5. R v Cross, 2007 CanLII 64141 (ON SC), [2007] OJ 5384 (ONSC), per Brennan J
  6. Jones, supra, at para 44
  7. R v JW, 2022 ONSC 4400 (CanLII)
    R v Sinnappillai, 2019 ONSC 5000 (CanLII), per Boswell J, at paras 60 to 72
  8. Sinnappillai, ibid., at paras 73 to 80
  9. Sinnappillai, ibid., at para 80
    Nurse, supra
  10. Sinnappillai, ibid., at paras 93 to 100
    R v Merritt, 2017 ONSC 5245 (CanLII), per Dawson J, at paras 244 to 245
    R v Neill, 2018 ONSC 5323 (CanLII), per Coroza J, at paras 89 to 94
    R v DaCosta, 2021 ONSC 6016 (CanLII), per Leibovich J
    R v Otto, 2019 ONSC 2514 (CanLII), per Di Luca J
    R v Bottomley, 2022 BCSC 2192 (CanLII), per Devlin J
    contra R v Robinson, 2021 ONSC 2446 (CanLII), per Akhtar J
  11. Vu, supra, at para 59 (" view is that search protocols are not, as a general rule, constitutionally required for pre-authorization of computer searches.")
  12. Vu, supra, at para 70 (" That said, there are two somewhat disquieting aspects of the search of the computer. First, Sgt. Wilde admitted in his testimony that he intentionally did not take notes during the search so he would not have to testify about the details. This is clearly improper and cannot be condoned. Although I do not decide here that they are a constitutional prerequisite, notes of how a search is conducted should, in my view, be kept, absent unusual or exigent circumstances.")
  13. R v Schulz, 2018 ONCA 598 (CanLII), 142 OR (3d) 128, per Brown JA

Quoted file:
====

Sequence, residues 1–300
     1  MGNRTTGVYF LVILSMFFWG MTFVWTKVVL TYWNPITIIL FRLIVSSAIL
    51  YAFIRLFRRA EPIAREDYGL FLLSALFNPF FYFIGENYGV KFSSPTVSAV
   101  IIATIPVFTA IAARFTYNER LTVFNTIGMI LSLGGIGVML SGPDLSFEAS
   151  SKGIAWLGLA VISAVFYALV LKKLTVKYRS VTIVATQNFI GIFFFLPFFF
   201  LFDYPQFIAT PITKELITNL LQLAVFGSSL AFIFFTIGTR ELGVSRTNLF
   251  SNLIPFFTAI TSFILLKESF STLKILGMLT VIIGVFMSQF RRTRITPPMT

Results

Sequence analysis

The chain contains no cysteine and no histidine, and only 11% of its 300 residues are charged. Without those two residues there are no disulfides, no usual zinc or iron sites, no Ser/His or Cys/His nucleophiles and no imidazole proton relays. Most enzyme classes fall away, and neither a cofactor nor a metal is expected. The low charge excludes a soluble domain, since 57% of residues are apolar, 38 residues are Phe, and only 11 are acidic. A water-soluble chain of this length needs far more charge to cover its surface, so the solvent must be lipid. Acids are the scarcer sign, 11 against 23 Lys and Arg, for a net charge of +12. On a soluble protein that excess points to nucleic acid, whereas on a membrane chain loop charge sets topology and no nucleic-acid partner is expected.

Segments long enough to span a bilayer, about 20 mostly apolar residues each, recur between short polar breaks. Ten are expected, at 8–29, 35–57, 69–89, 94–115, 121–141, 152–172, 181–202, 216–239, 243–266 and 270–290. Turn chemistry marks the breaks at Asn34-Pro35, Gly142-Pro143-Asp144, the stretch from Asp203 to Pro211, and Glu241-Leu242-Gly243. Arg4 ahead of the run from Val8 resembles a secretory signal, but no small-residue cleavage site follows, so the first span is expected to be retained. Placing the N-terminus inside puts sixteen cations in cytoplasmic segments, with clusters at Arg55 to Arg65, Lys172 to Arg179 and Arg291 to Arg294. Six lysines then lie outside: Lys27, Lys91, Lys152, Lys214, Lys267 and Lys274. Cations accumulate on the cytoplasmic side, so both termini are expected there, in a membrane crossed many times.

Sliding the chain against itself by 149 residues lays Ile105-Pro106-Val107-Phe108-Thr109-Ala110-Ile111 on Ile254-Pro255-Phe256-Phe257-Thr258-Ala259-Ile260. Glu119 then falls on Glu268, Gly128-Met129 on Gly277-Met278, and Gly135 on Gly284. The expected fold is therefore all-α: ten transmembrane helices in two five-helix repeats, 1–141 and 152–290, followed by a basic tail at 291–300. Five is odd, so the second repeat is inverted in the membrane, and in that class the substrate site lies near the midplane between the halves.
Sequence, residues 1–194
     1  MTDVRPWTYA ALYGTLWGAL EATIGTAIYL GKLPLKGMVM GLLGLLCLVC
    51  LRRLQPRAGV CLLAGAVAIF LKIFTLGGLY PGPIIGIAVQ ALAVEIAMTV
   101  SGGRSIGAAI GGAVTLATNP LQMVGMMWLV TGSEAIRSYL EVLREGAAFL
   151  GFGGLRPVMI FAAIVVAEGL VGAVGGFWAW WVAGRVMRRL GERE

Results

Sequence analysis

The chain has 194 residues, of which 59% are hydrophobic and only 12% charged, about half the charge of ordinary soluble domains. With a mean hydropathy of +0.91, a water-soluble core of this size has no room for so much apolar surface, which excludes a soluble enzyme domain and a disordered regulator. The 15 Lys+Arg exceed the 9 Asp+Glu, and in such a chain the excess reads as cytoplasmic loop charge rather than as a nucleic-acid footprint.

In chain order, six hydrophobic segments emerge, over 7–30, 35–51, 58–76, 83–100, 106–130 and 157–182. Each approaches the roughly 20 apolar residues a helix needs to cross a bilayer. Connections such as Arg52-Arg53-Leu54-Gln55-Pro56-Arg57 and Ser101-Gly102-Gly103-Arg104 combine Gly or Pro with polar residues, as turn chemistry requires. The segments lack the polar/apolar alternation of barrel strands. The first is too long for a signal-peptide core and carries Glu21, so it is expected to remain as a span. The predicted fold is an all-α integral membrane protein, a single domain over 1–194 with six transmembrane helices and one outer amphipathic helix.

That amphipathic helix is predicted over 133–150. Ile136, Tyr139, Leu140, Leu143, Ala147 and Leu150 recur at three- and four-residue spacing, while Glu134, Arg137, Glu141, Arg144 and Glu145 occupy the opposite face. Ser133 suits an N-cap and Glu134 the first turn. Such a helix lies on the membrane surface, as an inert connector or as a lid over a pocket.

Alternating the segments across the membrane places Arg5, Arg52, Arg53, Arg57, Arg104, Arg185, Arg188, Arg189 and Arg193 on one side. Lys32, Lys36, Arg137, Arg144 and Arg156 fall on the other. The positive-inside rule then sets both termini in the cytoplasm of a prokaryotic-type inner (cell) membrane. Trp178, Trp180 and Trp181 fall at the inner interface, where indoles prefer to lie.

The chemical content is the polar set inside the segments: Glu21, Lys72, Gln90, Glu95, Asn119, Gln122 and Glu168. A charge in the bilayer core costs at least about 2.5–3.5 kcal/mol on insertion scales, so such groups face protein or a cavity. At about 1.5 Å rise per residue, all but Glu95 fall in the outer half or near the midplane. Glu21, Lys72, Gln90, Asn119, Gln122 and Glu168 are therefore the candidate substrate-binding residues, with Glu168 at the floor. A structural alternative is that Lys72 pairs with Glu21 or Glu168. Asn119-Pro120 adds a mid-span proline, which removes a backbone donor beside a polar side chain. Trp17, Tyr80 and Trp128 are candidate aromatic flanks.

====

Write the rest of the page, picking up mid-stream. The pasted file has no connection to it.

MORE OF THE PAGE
14. R v Villaroman, 2018 ABCA 220 (CanLII) (working hyperlinks pending), per curiam (2:1) , at para 17 ("The forensic examiner testified at length about how he conducted the search. The failure to take detailed notes does not appear to have undermined the appellant’s ability to meaningfully challenge the reasonableness of the search.") appealed on different grounds at 2016 SCC 33.

Discovery of a New Offence

When executing a search warrant in relation to a certain offence and the examiner discovers evidence of another crime, the discovered evidence is admissible, but any further searches for further evidence of the new offence must be done after applying for a new warrant.[1]

Where a new authorization is needed, the proper procedure is to apply for a search warrant and not a general warrant.[2]There is nothing wrong with getting a second search warrant for a device that has already been seized and searched.[3]

  1. R v Jones, 2011 ONCA 632 (CanLII), 278 CCC (3d) 157, per Blair JA
    R v Vu, 2011 BCCA 536 (CanLII), 285 CCC (3d) 160, per Frankel JA appealed to 2013 SCC 60 (CanLII), per Cromwell J
  2. R v KZ, 2014 ABQB 235 (CanLII), 589 AR 21, per Hughes J, at para 32 - Note however that this case considers "computers to be "places" of search rather than the "thing" of search within the meaning of s. 487, which is somewhat contrary to numerous other cases
  3. KZ, ibid., at para 40

Consent Searches for Electronic Communications

Police may examine computer files that a complaint presents to them without engaging section 8 of the Charter. There are no obligations to inquire how the complainant obtained the files.[1]

  1. R v King, 2021 ABCA 271 (CanLII), per curiam
    R v Orlandis-Habsburgo, 2017 ONCA 649 (CanLII), 352 CCC (3d) 525, per Doherty JA, at para 34 ("I have considerable difficulty with the submission that s. 8 is engaged if the police look at information in which an accused has a legitimate privacy interest, even if that information is brought to the police by an independent third party acting on its own initiative. On that approach, s. 8 would be engaged if a "whistleblower" took confidential documents belonging to her employer to the police to demonstrate the employer's criminal activity. Must the police refuse to look at the documents to avoid violating the employer's s. 8 rights? As Duarte teaches, it is one thing to say that Canadian values dictate that the state's power to decide when and how it will intrude upon personal privacy must be carefully circumscribed, and quite another to say that an individual's private information is cloaked in the protection of s. 8 no matter how that information comes to the police.")